Investors might want to pay closer attention to Oscar buzz. A new study from Emerson College in Boston found a strong correlation between critically acclaimed movies and the amount of revenue they bring in, not just on opening weekend but for several weeks after. And on the flipside, films that were eventually nominated for a Golden Raspberry Award, or "Razzie," a tongue-in-cheek "honor" given to the worst movies of the year, were playing to pretty empty theaters by the end of their first month.
Movies that became Oscar nominees between 1996 and 2015 had a significantly smaller drop in week-to-week revenue than those nominated for a Razzie. Revenue for Oscar-nominated films dropped 24 percent, 26 percent, 25 percent and 21 percent, respectively, in the four weeks after opening night, whereas revenue for Razzie nominees over the same time period plummeted 54 percent, 56 percent, 53 percent and 54 percent, respectively. That averages about a 30-point difference.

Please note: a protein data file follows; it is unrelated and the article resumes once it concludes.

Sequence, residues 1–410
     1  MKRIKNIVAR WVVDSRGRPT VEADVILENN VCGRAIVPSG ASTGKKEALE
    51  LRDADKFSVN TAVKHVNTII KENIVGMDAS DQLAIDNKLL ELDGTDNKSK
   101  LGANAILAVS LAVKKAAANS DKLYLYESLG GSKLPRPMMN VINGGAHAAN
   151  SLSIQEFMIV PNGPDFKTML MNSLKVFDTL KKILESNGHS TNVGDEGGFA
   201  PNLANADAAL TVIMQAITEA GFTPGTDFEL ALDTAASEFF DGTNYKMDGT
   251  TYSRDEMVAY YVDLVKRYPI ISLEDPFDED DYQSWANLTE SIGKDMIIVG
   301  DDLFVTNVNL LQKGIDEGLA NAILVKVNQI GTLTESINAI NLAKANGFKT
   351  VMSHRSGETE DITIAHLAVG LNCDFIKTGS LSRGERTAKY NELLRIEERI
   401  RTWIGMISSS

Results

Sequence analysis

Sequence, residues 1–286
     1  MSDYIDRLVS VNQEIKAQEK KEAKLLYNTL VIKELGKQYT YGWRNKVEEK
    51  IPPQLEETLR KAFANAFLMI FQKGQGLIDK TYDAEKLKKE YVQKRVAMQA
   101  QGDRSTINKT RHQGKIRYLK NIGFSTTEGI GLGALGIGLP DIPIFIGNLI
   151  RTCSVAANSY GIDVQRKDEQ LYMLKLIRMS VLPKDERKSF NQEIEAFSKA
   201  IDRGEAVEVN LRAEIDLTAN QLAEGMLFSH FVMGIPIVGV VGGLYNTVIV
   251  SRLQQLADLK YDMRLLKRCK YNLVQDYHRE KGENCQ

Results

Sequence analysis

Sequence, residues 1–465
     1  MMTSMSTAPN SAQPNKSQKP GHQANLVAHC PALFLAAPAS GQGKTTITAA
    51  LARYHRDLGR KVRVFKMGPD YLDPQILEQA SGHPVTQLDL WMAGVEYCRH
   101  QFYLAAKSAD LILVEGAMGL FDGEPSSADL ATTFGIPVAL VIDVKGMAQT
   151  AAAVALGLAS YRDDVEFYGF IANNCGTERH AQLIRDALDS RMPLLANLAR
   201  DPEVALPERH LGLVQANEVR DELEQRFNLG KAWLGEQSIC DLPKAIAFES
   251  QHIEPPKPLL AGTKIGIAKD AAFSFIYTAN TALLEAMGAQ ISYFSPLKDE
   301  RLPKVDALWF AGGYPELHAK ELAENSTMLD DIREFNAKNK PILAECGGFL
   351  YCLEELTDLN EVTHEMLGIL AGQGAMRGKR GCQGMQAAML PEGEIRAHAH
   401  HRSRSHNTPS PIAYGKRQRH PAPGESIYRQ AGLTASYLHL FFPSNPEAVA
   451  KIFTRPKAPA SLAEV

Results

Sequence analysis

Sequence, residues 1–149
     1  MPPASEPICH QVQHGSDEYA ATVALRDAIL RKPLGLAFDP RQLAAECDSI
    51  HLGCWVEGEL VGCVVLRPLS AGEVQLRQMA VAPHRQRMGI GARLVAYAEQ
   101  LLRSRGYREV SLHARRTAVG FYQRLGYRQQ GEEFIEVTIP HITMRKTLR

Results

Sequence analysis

Owen Eagan, the executive-in-residence at Emerson who authored the study, acknowledged some of its shortcomings. For one, it measured the financial success of a movie based on revenue, not return on investment, which isn't the greatest proxy. And relying on Academy of Motion Pictures Arts and Sciences and Razzie voters as arbiters of taste is also hardly scientific. The Academy has taken plenty of heat for its lack of diversity, and Razzie votes can be purchased online.
But Eagan said surveying people would have been impractical, and return on investment can be skewed by major outliers like 1999's "The Blair Witch Project," which cost only $60,000 to make and brought in nearly $250 million.
"These standards are far from perfect, but they are better than all the rest," he wrote.
Eagan said the study shows "clear trends," but warned against using it to try to predict the financial success of a given movie.